“I've never called for the abolishment of it (federal minimum wage). Never.”
Source of claim
A television ad called “You Can't Trust Joni Ernst on the Minimum Wage” paid for by the Iowa Democratic Party.
The new Iowa Democratic Party ad targets the federal minimum wage stance of Joni Ernst, a state senator from Red Oak and the Republican nominee for U.S. Senate. She faces Democratic candidate, U.S. Rep. Bruce Braley, of Waterloo.
The ad display's Ernst's quote saying she never called for the abolishment of the federal minimum wage, which came from a June 23 article in U.S. News and World Report. Then it questions whether it's consistent with her previous statements by asking “Really?” and then plays a series of sound bites from Ernst on the minimum wage, The ad concludes, “Joni Ernst; Can't trust her on the federal minimum wage.”
Here's the full context of her quote in the U.S. News article:
“I've always said the minimum wage is a safety net that's in place, so that's fine. I'm saying I don't support a $10.10 minimum wage,” she says. “I never called for the abolishment of it. Never.”
Ernst has been on record multiple times saying she does not support a federal minimum wage, and she has opposed raising it at the state or federal level. She said it's an issue best left to states.
In an Iowa Public Radio interview on June 1, Ernst said, “I do not support a federal minimum wage. I think every state has a different economy, a different cost of living. I don't believe that's the role of the federal government.”
In a Republican primary candidate forum on May 19, Ernst said, “I do believe it is best left up to the state ... . I don't believe the federal government should be involved in setting the minimum wage.”
Ernst echoed the sentiment on Radio Iowa on May 20, and in a May 29 interview on KCCI-TV in Des Moines she said she doesn't believe it is a federal issue.
Still, there is no evidence that Ernst has directly called to abolish it.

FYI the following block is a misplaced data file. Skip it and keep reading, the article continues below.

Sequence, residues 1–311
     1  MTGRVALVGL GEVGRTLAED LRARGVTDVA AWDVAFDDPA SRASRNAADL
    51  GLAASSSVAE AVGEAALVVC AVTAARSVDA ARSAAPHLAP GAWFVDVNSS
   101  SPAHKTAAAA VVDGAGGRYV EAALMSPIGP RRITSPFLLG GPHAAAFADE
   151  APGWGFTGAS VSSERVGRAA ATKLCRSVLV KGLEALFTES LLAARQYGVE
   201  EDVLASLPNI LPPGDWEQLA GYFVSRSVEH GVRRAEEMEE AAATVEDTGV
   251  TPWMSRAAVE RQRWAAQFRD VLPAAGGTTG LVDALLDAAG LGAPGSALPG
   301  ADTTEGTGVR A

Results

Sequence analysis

On April 24, Ernst said during a forum on Iowa Public Television that she does “think having a minimum wage is a good thing. It's a great safety net.” She said in the same forum she would not raise the minimum wage.
Ernst spokeswoman Gretchen Hamel said Ernst misspoke in the IPR interview by not including the word “increase” when she said she doesn't support a federal minimum wage. She said that when Ernst has spoken about the issue, it's been in response to questions about increasing the federal minimum wage so her comments have been in context of an increase rather than the federal minimum wage itself.
Hamel said Ernst has had the consistent position that there should be a baseline federal minimum wage, but that states should be in charge of setting increases.
Dennis Goldford, a political and international relations professor at Drake University, said that Ernst “is clearly saying there shouldn't be a federal minimum wage.”
However, he said there's a fine line between what she thinks and her actions. Ernst is trying to have both sides of the issue, he said.
“She walks up to the line,” Goldford said. “She opposes it, yeah, but is she going to do anything about it?
“What we don't have here is a case for her leading the charge, but that doesn't mean she won't participate in someone else's proposal to abolish it.”
The ad might mislead some viewers to think Ernst is campaigning to abolish the federal minimum wage. In our review, we couldn't find examples in which Ernst specifically said that.
But the ad does show her position stated in U.S. News and World Report departs from what she has said in the past.
As Goldford said, people listening to Ernst would assume she doesn't believe in a federal minimum wage, and if in a position of power she might support a proposal to get rid of it.
Even if, as Ernst's spokeswoman said, Ernst has misspoken or spoken in context of opposing the wage increase, she has said in her own words on multiple occasions that she doesn't agree with a federal minimum wage.
We rate this ad as mostly true.
This Fact Checker was researched and reported by B.A. Morelli, (319) 339-3177; firstname.lastname@example.org